you could make a career of operational medicine but spending 20 yrs at the literal and figurative "tip of the spear" would be difficult if not impossible.

"tactical training"-- what does this mean? airborne school could be done, but prior to becoming a doc. again-- if you want to jump out of planes, assault the objective and patch up and package the guys injured/killed while killing people and breaking things, you'd be better served just doing it from the start.

good luck

--your friendly neighborhood prepping for NTC again caveman
 
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Oct 4, 2015
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if this is what you want to do ("far forward medicine") you should be a combat medic, corpsman (navy/SEALS), army SF medic (18D) or similar.

first question I would ask is why are you so interested in this. is it the kinetic warfighting adrenaline aspect or the medical care? if it's the former you should not try to live that by being a doc. if it's the latter you will do the most good as a doc not at the point of injury but at the nearest FST or where servicemembers are evac'd to for "real" (docs with our toys) care. without our "stuff" we're just a glorified medic. so skip the wait and just go to point of injury as a medic.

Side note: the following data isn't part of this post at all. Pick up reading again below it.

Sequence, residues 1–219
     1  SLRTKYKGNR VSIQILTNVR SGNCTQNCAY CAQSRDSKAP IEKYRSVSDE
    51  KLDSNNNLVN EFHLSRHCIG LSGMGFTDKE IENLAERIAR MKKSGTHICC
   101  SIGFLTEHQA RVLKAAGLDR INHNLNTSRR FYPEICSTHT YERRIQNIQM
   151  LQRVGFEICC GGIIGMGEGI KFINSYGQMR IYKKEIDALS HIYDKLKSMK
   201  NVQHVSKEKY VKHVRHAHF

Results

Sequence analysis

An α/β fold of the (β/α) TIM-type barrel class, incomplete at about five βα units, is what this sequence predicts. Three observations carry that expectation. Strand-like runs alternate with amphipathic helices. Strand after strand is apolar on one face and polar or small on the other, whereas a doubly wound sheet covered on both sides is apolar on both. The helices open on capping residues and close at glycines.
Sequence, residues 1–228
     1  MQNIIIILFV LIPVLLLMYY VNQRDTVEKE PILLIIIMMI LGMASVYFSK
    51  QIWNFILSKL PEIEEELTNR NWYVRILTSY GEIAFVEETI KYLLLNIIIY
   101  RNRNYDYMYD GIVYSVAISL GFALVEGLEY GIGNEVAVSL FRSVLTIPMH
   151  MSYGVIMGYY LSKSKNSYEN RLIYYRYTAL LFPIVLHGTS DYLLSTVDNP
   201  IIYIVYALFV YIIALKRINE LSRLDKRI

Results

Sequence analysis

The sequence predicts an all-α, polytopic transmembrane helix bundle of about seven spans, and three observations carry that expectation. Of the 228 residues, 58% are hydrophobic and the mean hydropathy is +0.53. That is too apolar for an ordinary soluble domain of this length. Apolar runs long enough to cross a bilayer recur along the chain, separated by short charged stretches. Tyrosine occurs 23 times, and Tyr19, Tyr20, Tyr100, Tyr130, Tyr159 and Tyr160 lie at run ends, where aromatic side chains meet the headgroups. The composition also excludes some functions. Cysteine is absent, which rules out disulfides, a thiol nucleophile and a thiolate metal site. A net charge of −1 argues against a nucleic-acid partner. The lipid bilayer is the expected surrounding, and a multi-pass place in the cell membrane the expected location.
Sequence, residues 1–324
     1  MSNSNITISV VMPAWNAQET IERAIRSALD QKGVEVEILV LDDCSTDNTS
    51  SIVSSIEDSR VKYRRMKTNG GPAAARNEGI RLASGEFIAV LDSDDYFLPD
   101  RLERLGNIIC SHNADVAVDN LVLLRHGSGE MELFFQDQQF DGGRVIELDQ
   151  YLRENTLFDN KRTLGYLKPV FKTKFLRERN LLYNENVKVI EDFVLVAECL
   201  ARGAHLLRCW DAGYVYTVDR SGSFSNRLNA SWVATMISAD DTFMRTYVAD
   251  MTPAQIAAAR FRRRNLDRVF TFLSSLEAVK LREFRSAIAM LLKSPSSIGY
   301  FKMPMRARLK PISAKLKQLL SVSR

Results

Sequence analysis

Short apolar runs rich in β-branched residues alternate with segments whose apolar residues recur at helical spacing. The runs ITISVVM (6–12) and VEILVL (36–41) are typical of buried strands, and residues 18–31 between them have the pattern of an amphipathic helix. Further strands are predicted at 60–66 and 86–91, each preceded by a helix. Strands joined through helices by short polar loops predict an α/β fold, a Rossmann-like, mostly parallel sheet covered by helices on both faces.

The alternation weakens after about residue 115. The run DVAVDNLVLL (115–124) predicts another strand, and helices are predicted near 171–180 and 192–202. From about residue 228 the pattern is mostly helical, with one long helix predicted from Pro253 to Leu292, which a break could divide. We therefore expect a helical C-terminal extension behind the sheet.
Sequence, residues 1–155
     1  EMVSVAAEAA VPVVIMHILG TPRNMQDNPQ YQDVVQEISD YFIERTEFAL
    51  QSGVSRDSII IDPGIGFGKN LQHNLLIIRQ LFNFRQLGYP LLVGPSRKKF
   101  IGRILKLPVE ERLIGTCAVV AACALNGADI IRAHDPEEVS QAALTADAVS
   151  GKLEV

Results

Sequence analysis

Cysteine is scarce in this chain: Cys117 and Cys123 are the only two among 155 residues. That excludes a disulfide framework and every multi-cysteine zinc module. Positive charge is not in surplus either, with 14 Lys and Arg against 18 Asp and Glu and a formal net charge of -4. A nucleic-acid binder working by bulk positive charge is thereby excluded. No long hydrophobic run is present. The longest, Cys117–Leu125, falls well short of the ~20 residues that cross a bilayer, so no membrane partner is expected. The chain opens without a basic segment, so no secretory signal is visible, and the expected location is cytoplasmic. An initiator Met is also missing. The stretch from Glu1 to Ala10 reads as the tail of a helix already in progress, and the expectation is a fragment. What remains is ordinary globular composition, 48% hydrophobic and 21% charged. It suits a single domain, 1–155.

you could make a career of operational medicine but spending 20 yrs at the literal and figurative "tip of the spear" would be difficult if not impossible.

"tactical training"-- what does this mean? airborne school could be done, but prior to becoming a doc. again-- if you want to jump out of planes, assault the objective and patch up and package the guys injured/killed while killing people and breaking things, you'd be better served just doing it from the start.

good luck

--your friendly neighborhood prepping for NTC again caveman
Becoming a 18 d after rwsidency seems a bit of misused resources.